Part I: Why Biosecurity Matters – What are We Protecting Against?

Part I: Why Biosecurity Matters – What are We Protecting Against?

Pandemics have killed an estimated 230-400M people in modern human history, with COVID killing an estimated 27M in four years. The Bubonic plague wiped out 17-22% of humanity off the face of the earth while the Columbian Exchange wiped out 90% of exposed native populations. Indeed, the death toll from pandemics isn’t far off from that of all wars. Adding in deaths from infectious diseases broadly and the inter-human disease transmission dwarfs that of violence. In fact, it’s among the leading causes of death of all time. 

The threat of pandemics will only rise. Global economic integration and travel make the world-wide dissemination of pandemics inevitable and near-immediate. Even more importantly, the dual-use nature of biology makes pandemics themselves more likely as our power to understand and control biology continues to grow nonlinearly and access to that power becomes more democratized.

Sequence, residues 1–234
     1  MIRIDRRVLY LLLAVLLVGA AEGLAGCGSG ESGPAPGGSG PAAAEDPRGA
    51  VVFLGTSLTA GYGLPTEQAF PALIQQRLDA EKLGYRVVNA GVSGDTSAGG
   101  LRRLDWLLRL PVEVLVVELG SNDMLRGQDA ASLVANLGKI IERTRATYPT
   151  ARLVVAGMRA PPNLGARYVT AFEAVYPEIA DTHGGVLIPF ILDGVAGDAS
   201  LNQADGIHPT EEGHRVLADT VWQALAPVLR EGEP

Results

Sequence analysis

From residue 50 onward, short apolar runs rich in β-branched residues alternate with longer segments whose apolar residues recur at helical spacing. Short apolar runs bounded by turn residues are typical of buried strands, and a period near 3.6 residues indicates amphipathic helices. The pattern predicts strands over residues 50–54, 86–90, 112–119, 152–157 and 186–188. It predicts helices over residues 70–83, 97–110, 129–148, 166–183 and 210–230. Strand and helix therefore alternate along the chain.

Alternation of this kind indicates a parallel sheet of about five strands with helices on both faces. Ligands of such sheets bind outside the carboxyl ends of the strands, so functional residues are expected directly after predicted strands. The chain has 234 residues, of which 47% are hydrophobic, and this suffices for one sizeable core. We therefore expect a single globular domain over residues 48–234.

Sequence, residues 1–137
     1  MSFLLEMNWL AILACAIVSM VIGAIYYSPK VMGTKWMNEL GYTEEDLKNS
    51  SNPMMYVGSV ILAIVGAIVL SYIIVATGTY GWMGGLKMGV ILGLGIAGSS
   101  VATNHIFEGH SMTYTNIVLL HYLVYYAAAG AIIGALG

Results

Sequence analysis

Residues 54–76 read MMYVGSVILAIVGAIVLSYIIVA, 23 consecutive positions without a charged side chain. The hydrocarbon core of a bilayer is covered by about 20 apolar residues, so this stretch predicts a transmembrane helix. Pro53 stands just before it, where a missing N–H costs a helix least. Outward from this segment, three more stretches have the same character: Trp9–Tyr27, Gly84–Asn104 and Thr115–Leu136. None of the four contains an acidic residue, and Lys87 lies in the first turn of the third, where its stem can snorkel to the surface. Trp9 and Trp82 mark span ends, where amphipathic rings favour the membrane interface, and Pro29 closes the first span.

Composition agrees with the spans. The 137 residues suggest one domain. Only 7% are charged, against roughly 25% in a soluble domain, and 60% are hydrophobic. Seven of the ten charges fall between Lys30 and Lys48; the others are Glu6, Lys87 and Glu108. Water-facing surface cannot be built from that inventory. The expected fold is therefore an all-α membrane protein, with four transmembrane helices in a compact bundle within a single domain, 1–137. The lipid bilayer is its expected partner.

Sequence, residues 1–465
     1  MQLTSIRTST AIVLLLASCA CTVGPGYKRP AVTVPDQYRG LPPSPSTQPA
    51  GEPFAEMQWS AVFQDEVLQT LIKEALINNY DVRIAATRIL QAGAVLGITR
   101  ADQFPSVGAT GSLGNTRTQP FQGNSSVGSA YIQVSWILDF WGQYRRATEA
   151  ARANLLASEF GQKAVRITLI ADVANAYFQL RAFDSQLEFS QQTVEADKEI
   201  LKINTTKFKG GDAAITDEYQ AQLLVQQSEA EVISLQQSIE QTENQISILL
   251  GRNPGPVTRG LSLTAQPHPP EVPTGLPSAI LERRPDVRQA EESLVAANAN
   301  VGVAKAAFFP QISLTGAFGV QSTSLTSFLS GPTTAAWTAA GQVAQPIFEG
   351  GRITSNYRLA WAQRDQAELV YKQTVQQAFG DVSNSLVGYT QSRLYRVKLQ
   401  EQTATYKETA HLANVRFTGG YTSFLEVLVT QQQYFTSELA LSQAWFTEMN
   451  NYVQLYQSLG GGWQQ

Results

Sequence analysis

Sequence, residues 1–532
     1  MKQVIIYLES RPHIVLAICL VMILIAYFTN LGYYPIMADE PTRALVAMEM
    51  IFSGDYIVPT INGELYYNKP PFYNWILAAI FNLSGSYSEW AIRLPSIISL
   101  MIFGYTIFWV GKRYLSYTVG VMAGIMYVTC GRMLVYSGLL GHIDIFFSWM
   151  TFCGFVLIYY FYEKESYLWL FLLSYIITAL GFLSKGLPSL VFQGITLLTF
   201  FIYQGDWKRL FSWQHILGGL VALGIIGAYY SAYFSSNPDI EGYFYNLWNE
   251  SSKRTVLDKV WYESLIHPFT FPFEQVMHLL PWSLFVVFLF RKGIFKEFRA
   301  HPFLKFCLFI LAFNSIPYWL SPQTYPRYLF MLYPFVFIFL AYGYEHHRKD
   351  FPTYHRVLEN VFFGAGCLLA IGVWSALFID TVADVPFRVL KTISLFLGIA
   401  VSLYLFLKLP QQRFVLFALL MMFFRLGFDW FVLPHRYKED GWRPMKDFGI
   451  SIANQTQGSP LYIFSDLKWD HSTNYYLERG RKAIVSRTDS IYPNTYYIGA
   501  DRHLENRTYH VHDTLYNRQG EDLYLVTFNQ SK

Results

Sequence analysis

The reason for concern ranges widely from preventing intentional bioterror to simply making our workplaces less prone to transmitting the common cold. 

Assessing the likelihood of a major bioterror event falls prey to the difficulty of predicting any black swan or fat-tailed event; however, it’s clearly non-negligible and unacceptably high. While 183 states are committed to the Biological Weapons Convention, multiple states are alleged to have violated it and at least three state actors are known to have used them before its signing in 1971, including the Soviet Union engineering and accidentally releasing an enhanced smallpox from its biological weapons division.